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Master batching for the win today.


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I know a lot of you master batch your soap stuff. The most I would premake is a triple batch that was split into different scents if needed. If there was a mistake to be made during soaping,  I have made it. For procedure and comfort reasons I could not bring myself to do more. Until today. I have a small mountain of Faire stuff to make, and a wholesale account suddenly began ordering heavier and more frequently than usual, so I was wiped out of a few things.  This master session was a scary big move that would only work in a single session, which happened to work out perfectly. 


I started the lye solution last night. Holy crap that was a lot of lye solution. It sat covered in a pail in the sink and was still over 100*F this morning 😳.  Silly me didn’t go back to stir periodically so some of the lye had hard panned - which I filtered out. So, I made more lye solution and heated the filtered crystals back up with it and mixed it all together.  Problem solved.


First thing this morning I started melting enough oils to fill all of my tall skinny soap molds. Filled a 5 gallon pail. I don’t have a big enough scale to weigh that out so I trusted myself (hard to do when making soap. Too many big expensive mistakes made in the past. ). To mix I poured from pail to pail and broke out the squirrel mixer. That was fun. This recipe/formula will only work if the oils are completely melted and clear, and about 90-100*F, other wise the stearic in my hard oils settles too much and creates a mixing mess and stearic spots, so I cant premake this too far in advance.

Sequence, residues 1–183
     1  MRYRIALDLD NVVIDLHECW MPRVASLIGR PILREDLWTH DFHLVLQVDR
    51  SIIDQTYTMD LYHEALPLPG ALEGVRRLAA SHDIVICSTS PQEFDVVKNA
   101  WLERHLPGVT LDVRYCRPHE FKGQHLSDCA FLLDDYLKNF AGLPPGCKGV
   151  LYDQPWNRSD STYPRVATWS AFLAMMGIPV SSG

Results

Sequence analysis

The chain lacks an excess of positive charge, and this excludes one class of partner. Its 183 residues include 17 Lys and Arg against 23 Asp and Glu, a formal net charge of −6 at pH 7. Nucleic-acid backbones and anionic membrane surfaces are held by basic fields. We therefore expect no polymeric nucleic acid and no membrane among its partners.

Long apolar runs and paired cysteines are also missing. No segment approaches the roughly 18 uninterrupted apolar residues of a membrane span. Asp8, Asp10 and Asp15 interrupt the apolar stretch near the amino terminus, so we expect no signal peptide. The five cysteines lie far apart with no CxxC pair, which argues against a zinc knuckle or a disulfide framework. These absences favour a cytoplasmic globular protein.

I reprinted my batch sheets so I could triple check each pour, and by golly the oils were perfect right down to the last grams. Made 10 varieties and it was actually kinda relaxing. I was able to keep up with the dirty dishes as I went along, no need to rush as in the past while splitting batches. I almost can’t wait to do this again tomorrow. Almost. It’s still a crap ton of work. 


Photos to follow. I feel much more confident About being able to keep up with restocks this way. 

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Good golly! That's a helluva lotta soap! 😶